A Compendium of Effective, Evidence-Based Best Practices in the Prevention of Neurotrauma

A Compendium of Effective, Evidence-Based Best Practices in the Prevention of Neurotrauma

Richard Volpe
John Lewko
Angela Batra
Copyright Date: 2002
DOI: 10.3138/9781442670280
Pages: 370
https://www.jstor.org/stable/10.3138/9781442670280
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  • Book Info
    A Compendium of Effective, Evidence-Based Best Practices in the Prevention of Neurotrauma
    Book Description:

    Portrays examples of injury prevention practices that have the potential to reduce the incidence of neurotauma injuries, and by providing a detailed methodology that is effective in identifying innovative best practices.

    eISBN: 978-1-4426-7028-0
    Subjects: Health Sciences

Table of Contents

  1. Front Matter
    (pp. i-vi)
  2. Table of Contents
    (pp. vii-x)
  3. Foreword
    (pp. xi-xiv)
    Robert Conn

    Unintentional injuries are the leading cause of death for Canadians aged 1 to 44, and outnumber all other causes of death combined for Canada′s children. In 1995,6,170 Canadians died of unintentional injuries, of which nearly 30% had suffered neurotrauma or spinal cord injuries.¹ In the same year 37,494 Canadians were hospitalized for their injuries, with over one-third of these cases resulting from neurotrauma and spinal cord injuries.² While many have called this a silent epidemic, and lamented the fact that little is being done to curb these incidents, the issue has nevertheless received considerable attention.

    SMARTRISK and a number of...

  4. Introduction
    (pp. 3-24)

    The enormous social and personal cost of preventable unintentional injury has been well documented in terms of societal well-being and individual life prospects (see SMARTRISK, 1998). The Public Health Branch of the Ontario Ministry of Health recently completed the creation of injury control objectives in 1997, through the Mandatory Health Programs and Services Guidelines. However, while injury reduction targets were set and indicators established to measure progress, the guidelines do not provide an overall strategy identifying best practice and innovative injury prevention (SMARTRISK, 1998). OurCompendiumattempts to fill this gap by portraying exemplars that have the potential to reduce...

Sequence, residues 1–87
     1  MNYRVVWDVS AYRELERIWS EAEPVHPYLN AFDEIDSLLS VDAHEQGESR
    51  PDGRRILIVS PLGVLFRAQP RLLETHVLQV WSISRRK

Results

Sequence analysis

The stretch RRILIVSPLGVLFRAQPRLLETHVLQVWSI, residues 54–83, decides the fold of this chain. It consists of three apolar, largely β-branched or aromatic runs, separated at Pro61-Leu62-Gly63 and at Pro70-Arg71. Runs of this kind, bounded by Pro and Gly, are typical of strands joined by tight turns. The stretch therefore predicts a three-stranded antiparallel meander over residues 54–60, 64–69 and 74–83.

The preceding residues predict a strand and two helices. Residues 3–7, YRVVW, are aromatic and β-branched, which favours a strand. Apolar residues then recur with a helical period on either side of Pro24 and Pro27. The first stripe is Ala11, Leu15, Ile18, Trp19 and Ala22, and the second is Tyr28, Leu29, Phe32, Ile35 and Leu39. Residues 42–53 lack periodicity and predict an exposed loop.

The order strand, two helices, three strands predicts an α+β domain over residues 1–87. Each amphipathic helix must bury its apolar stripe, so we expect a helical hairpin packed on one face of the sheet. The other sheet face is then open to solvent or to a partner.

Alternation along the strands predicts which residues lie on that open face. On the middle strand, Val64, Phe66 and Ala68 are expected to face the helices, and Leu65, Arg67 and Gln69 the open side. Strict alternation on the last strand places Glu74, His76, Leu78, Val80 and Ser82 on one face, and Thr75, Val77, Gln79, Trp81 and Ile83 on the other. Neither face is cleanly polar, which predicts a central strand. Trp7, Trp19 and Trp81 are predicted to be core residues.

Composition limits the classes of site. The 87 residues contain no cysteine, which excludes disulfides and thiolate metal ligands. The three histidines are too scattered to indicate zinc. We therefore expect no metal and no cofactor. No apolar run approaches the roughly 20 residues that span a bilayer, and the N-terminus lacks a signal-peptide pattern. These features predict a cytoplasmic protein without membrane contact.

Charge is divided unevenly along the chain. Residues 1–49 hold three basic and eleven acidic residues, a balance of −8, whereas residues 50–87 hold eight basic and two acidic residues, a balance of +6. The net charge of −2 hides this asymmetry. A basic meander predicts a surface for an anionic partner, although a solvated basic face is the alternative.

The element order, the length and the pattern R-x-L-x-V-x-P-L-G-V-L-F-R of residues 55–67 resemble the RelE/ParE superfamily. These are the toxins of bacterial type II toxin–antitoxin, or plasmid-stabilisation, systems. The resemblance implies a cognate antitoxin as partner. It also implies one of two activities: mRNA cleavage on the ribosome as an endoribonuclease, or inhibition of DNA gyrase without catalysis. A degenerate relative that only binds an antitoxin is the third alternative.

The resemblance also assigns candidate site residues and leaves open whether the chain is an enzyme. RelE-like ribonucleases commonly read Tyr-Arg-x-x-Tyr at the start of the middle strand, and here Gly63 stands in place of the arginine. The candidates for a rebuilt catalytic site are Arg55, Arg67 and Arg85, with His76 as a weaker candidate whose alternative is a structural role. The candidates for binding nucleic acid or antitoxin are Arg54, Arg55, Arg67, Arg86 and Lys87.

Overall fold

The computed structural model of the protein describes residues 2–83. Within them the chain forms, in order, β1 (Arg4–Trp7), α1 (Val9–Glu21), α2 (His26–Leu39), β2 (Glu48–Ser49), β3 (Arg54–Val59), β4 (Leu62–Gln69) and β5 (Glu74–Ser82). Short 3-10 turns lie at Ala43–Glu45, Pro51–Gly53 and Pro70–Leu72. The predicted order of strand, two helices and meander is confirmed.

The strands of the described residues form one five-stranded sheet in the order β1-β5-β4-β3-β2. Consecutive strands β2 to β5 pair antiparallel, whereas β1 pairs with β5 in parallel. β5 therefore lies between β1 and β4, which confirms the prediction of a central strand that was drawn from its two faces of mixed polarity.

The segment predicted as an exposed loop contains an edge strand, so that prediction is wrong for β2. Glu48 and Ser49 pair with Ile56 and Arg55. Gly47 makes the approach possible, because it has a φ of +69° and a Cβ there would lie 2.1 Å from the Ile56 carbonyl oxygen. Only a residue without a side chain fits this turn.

5. CASE STUDIES

    • Prevention of Asphyxiation-Related Injuries
      (pp. 27-38)

      Many children drown or experience near-drowning in backyard swimming pools and in small kiddie pools (Health Canada, 1997). Children are in greatest danger because they like to play in water, they move quickly, and they can drown in only a few centimetres (1 inch) of water (Health Canada, 1997). In Ontario, 8 to 15 drowning victims die each year in backyard pools. About half of backyard pool victims are young children under 5 years of age (43%), of whom many are mobile toddlers in the 2-to-4-year-old group. Both above-ground and in-ground backyard pools are involved in these incidents (Ontario Drowning...

    • Prevention of Motor Vehicle and Other Road Vehicle-Related Injuries
      (pp. 39-124)

      Traffic signals are explicitly designed to control conflicting traffic movements and reduce motor vehicle crashes at intersections. However, the effectiveness of traffic signals is dependent on the level of compliance by motorists with the signals. Enforcement of traffic signal compliance presents 2 major issues: not only is enforcement constrained by limited police resources, it has also become increasingly dangerous for police to pursue violators through urban areas. Red light cameras help to enforce traffic laws by automatically photographing vehicles whose drivers run red lights (Retting, Williams, Farmer, & Feldman, 1999).

      In William Haddon′s paper, ″Energy Damage and the Ten Counter-measure Strategies,″...

    • Prevention of Sports, Playground, and Recreation-Related Injuries
      (pp. 125-150)